Worries About China Unrest Contribute To Sell-Off On Wall Street

Stocks moved sharply lower over the course of the trading session on Monday, largely offsetting the strong upward move seen last week. With the steep drop on the day, the Dow pulled back well off last Friday’s seven-month closing high.

The major averages climbed off their worst levels going into the close but remained firmly negative. The Dow tumbled 497.57 points or 1.5 percent to 33,849.46, the Nasdaq plunged 176.86 points or 1.6 percent to 11,049.50 and the S&P 500 dove 62.18 points or 1.5 percent to 3,963.94.

Concerns about the latest developments in China contributed to the substantial pullback on Wall Street, as widespread protests against the Beijing’s zero-Covid policy broke out over the weekend.

A recent surge in new Covid cases in China has led officials to impose new restrictions in several major cities, dashing hopes the world’s second-largest economy was on the way toward easing curbs.

Craig Erlam, senior market analyst at OANDA, said the protests “highlight how increasingly frustrated the public is becoming with the leadership’s zero-Covid policy.”

“Record cases across multiple cities are putting the policy to the test and the unrest highlights the enormity of the challenge facing President Xi Jinping and his commitment to zero-Covid,” Erlam said.

He added, “The combination of these creates huge uncertainty, both in terms of how the protests are handled and what the whole experience means for the future of the policy and the economy.”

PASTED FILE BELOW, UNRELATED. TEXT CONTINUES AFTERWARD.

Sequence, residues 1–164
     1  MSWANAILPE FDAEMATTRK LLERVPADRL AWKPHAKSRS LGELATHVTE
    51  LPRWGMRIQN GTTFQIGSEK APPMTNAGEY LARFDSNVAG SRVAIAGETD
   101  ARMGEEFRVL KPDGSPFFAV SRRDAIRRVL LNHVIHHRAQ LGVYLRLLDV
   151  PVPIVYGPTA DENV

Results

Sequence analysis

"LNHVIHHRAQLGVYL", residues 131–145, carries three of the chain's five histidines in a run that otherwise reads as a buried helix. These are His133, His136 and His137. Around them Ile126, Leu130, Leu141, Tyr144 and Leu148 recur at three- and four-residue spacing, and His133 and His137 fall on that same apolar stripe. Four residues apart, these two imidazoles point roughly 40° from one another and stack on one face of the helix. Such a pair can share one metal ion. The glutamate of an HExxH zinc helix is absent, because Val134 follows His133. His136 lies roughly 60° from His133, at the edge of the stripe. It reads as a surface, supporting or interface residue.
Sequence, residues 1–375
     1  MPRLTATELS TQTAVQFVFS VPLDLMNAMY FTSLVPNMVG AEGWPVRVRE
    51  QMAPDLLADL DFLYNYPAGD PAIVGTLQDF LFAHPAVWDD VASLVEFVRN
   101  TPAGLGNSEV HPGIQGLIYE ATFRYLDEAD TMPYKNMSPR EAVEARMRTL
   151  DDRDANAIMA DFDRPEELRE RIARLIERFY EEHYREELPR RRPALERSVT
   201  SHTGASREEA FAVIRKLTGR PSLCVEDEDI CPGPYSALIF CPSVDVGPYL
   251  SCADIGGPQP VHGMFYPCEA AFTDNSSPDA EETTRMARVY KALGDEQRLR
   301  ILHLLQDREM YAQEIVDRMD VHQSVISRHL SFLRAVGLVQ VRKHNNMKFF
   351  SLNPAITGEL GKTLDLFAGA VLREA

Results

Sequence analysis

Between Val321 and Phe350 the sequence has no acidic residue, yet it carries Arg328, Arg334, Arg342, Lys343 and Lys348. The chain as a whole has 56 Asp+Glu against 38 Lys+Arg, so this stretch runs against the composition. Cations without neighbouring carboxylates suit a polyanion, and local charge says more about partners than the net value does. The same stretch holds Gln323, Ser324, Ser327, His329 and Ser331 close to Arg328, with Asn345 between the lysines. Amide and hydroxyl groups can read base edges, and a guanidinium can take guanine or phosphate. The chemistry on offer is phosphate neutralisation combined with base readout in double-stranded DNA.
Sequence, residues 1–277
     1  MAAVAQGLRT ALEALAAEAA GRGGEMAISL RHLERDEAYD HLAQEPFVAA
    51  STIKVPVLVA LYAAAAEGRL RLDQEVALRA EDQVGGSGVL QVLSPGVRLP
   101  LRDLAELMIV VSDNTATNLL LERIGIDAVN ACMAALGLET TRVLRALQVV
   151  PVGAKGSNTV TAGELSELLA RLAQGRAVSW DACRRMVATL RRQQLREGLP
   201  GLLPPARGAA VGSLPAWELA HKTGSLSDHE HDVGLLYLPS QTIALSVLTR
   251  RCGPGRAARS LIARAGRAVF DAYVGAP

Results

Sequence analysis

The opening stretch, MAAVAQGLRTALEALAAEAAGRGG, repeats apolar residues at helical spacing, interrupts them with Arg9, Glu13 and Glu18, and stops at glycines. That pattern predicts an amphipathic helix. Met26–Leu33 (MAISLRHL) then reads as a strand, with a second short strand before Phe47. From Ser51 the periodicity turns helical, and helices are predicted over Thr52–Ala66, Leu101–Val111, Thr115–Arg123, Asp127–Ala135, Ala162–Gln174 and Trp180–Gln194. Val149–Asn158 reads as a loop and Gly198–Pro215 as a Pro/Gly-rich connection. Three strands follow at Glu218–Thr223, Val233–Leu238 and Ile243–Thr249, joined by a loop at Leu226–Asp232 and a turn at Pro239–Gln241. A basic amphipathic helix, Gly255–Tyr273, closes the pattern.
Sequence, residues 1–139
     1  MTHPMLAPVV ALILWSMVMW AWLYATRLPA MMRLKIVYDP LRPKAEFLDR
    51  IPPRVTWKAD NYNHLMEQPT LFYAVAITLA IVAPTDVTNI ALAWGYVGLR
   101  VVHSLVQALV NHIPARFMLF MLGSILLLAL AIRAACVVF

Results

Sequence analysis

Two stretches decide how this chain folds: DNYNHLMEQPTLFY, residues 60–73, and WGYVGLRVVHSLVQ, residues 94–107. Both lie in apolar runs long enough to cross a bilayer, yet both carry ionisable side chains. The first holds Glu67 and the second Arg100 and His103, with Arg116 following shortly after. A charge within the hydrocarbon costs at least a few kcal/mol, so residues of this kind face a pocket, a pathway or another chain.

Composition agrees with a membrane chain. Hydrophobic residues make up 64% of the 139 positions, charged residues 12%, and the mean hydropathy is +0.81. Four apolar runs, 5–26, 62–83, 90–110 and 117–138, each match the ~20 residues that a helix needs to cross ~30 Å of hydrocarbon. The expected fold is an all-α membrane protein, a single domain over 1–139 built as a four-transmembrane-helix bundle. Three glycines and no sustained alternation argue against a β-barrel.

The weakness on Wall Street may also have reflected lingering uncertainty about the outlook for interest rates ahead of next month’s Federal Reserve meeting.

While the Fed is widely expected to slow the pace of interest rate hikes next month, the minutes of the central bank’s early November meeting suggested some officials think rates will be to be raised higher than previously anticipated.

Traders were also looking to the release of some key economic data in the coming days, including the Labor Department’s closely watched monthly jobs report on Friday.

Sector News

Gold stocks showed a substantial move to the downside on the day, resulting in a 4.3 percent plunge by the NYSE Arca Gold Bugs Index.

The sell-off by gold stocks came amid a decrease by the price of the precious metal, with gold for December delivery falling $13.70 to $1,740.10 an ounce.

Considerable weakness was also visible among airline stocks, as reflected by the 3.1 percent nosedive by the NYSE Arca Airline Index.

Energy stocks also saw significant weakness even though the price of crude oil recovered from an eleven-month low to close notably higher.

Commercial real estate, semiconductor and computer hardware stocks also saw notable weakness, moving lower along with most of the other major sectors.

Other Markets

In overseas trading, stock markets across the Asia-Pacific region moved mostly lower during trading on Monday. Japan’s Nikkei 225 Index fell by 0.4 percent, while China’s Shanghai Composite Index slumped by 0.8 percent.

The major European markets also moved to the downside on the day. While the German DAX Index tumbled by 1.1 percent, the French CAC 40 Index slid by 0.7 percent and the U.K.’s FTSE 100 Index edged down by 0.2 percent.

In the bond market, treasuries moved modestly lower over the course of the session after seeing early strength. Subsequently, the yield on the benchmark ten-year note, which moves opposite of its price, inched up by 1.2 basis points to 3.703 percent.

Looking Ahead

Following a quiet day on the U.S. economic front, trading on Tuesday may be impacted by reaction to reports on home prices and consumer confidence.

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